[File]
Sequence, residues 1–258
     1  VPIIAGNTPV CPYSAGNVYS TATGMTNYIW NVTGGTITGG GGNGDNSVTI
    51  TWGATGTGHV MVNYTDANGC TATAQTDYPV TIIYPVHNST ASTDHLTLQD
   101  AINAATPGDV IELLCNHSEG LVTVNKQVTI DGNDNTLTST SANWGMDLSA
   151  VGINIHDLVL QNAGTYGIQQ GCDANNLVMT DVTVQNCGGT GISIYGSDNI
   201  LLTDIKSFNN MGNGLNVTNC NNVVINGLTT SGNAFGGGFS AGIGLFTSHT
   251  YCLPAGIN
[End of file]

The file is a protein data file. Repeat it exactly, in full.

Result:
Sequence, residues 1–258
     1  VPIIAGNTPV CPYSAGNVYS TATGMTNYIW NVTGGTITGG GGNGDNSVTI
    51  TWGATGTGHV MVNYTDANGC TATAQTDYPV TIIYPVHNST ASTDHLTLQD
   101  AINAATPGDV IELLCNHSEG LVTVNKQVTI DGNDNTLTST SANWGMDLSA
   151  VGINIHDLVL QNAGTYGIQQ GCDANNLVMT DVTVQNCGGT GISIYGSDNI
   201  LLTDIKSFNN MGNGLNVTNC NNVVINGLTT SGNAFGGGFS AGIGLFTSHT
   251  YCLPAGIN